Predatory businesses and scammers prey on the public during the pandemic even as vaccines arrive in California
According to the U.S. Department of Health and Human Services (HHS), predatory business practices are not going away even during one of the largest public health emergencies in modern history. Officials at the federal, state and local levels are encouraging Californians to be leery of cold calls, suspicious offers for fraudulent COVID-19 tests, grants or other services.
The public can report such suspicious activity to the U.S. Department of Justice National Center for Disaster Fraud, HHS or the Federal Trade Commission (see links below).
Scammers are using telemarketing calls, text messages, social media platforms, door-to-door visits and many other tactics to commit COVID-19-related scams. Fraudsters are offering COVID-19 tests, HHS grants and Medicare prescription cards in exchange for personal details, including Medicare information. These services are illegal.
Criminals leverage the emergency nature of the COVID-19 pandemic to benefit themselves, and beneficiaries face potential harm. Personal information collected by criminals can be used to fraudulently bill federal health care programs and commit medical identity theft.
The State of California continues its efforts to stop the spread of COVID-19 through contact tracing, increased testing and collaboratively distributing the vaccine with the assistance of the federal government and private sector.
Reminder: Contact tracers will never ask you for your social security number, immigration status, credit card number, bank account or billing information.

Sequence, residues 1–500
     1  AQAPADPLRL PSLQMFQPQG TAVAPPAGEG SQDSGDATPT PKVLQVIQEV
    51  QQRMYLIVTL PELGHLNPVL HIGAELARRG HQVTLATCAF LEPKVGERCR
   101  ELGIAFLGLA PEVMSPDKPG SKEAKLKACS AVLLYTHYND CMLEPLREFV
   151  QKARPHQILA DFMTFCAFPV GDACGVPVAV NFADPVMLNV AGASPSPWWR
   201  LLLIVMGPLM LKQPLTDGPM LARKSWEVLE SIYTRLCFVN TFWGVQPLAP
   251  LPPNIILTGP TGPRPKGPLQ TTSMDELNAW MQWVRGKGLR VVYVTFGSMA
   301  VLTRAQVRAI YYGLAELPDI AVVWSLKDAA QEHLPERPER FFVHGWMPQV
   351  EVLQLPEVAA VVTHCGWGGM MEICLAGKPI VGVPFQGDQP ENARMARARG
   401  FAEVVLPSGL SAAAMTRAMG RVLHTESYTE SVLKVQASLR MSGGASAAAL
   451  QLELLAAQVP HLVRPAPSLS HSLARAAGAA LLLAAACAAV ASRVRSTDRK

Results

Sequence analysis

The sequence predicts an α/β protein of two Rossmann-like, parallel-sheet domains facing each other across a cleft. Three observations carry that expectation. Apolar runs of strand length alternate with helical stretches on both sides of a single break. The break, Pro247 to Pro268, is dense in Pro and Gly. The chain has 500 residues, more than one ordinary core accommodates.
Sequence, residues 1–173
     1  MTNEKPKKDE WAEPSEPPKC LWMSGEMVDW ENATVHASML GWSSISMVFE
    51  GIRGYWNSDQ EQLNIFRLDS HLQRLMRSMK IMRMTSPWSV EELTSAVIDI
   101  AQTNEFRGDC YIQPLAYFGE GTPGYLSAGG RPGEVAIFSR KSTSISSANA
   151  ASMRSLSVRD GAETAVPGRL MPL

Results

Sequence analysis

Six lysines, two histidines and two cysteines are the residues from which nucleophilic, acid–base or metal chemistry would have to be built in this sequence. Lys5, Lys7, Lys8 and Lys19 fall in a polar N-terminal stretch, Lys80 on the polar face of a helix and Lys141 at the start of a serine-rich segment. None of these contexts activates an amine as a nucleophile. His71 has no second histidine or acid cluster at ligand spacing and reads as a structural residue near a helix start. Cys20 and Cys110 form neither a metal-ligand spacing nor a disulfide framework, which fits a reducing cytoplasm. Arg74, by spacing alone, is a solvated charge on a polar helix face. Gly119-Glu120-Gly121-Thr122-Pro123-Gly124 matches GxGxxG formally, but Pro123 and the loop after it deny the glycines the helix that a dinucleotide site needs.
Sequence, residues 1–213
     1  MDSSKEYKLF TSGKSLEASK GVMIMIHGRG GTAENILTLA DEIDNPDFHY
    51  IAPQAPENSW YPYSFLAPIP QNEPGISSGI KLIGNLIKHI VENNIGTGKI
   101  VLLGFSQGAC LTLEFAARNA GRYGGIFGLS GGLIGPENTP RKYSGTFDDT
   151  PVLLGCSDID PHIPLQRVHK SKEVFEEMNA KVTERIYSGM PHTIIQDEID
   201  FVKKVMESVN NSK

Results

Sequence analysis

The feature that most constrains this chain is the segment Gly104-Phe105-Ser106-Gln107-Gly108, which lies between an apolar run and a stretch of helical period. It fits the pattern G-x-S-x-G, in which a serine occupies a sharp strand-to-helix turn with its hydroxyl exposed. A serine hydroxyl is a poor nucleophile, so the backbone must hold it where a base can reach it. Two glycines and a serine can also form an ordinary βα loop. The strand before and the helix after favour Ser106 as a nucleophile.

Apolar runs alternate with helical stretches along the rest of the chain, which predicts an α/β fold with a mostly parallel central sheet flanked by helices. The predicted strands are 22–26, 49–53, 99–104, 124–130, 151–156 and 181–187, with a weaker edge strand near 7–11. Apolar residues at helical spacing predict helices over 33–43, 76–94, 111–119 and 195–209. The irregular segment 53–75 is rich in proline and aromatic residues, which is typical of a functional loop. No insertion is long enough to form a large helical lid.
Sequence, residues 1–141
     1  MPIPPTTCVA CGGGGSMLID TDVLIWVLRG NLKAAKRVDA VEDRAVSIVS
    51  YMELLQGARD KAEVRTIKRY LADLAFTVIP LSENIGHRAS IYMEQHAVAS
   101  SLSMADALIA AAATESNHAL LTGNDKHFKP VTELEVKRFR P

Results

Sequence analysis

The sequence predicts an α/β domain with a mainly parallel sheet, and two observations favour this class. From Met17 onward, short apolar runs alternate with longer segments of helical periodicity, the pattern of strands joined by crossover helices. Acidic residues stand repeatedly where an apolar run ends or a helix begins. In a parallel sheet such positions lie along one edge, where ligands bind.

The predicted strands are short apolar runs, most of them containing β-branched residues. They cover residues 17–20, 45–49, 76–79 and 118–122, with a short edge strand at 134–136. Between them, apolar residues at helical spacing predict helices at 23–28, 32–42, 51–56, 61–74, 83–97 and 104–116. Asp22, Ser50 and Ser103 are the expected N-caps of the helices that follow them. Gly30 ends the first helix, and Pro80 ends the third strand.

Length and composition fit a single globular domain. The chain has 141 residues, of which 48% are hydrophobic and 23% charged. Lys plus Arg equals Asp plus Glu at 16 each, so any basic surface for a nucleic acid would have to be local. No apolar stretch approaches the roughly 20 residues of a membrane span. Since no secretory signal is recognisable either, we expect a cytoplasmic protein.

As vaccine delivery begins, you will not be asked for money to enhance your position for vaccine eligibility. You will not be asked for personal information to secure a vaccination.
Tips on How to Protect Yourself (via HHS)
- Be vigilant and protect yourself from potential fraud concerning COVID-19 vaccines. You will not be asked for money to enhance your ranking for vaccine eligibility. Government and State officials will not call you to obtain personal information in order to receive the vaccine, and you will not be solicited door-to-door to receive the vaccine.
- Beneficiaries should be cautious of unsolicited requests for their personal, medical, and financial information. Medicare will not call beneficiaries to offer COVID-19 related products, services, or benefit review.
- Be suspicious of any unexpected calls or visitors offering COVID-19 tests or supplies. If you receive a suspicious call, hang up immediately.
- Do not respond to, or open hyperlinks in, text messages about COVID-19 from unknown individuals.
- Ignore offers or advertisements for COVID-19 testing or treatments on social media sites. If you make an appointment for a COVID-19 test online, make sure the location is an official testing site.
- Do not give your personal or financial information to anyone claiming to offer HHS grants related to COVID-19.
- Be aware of scammers pretending to be COVID-19 contact tracers. Legitimate contact tracers will never ask for your Medicare number, financial information, or attempt to set up a COVID-19 test for you and collect payment information for the test.
- If you suspect COVID-19 health care fraud, report it immediately online or call 800-HHS-TIPS (800-447-8477).
Department of Justice, National Center for Disaster Fraud (NCDF)
Baton Rouge, LA, 70821-4909
Call the Disaster Fraud Hotline at 866.720.5721
Fax the Disaster Fraud Hotline at 225.334.4707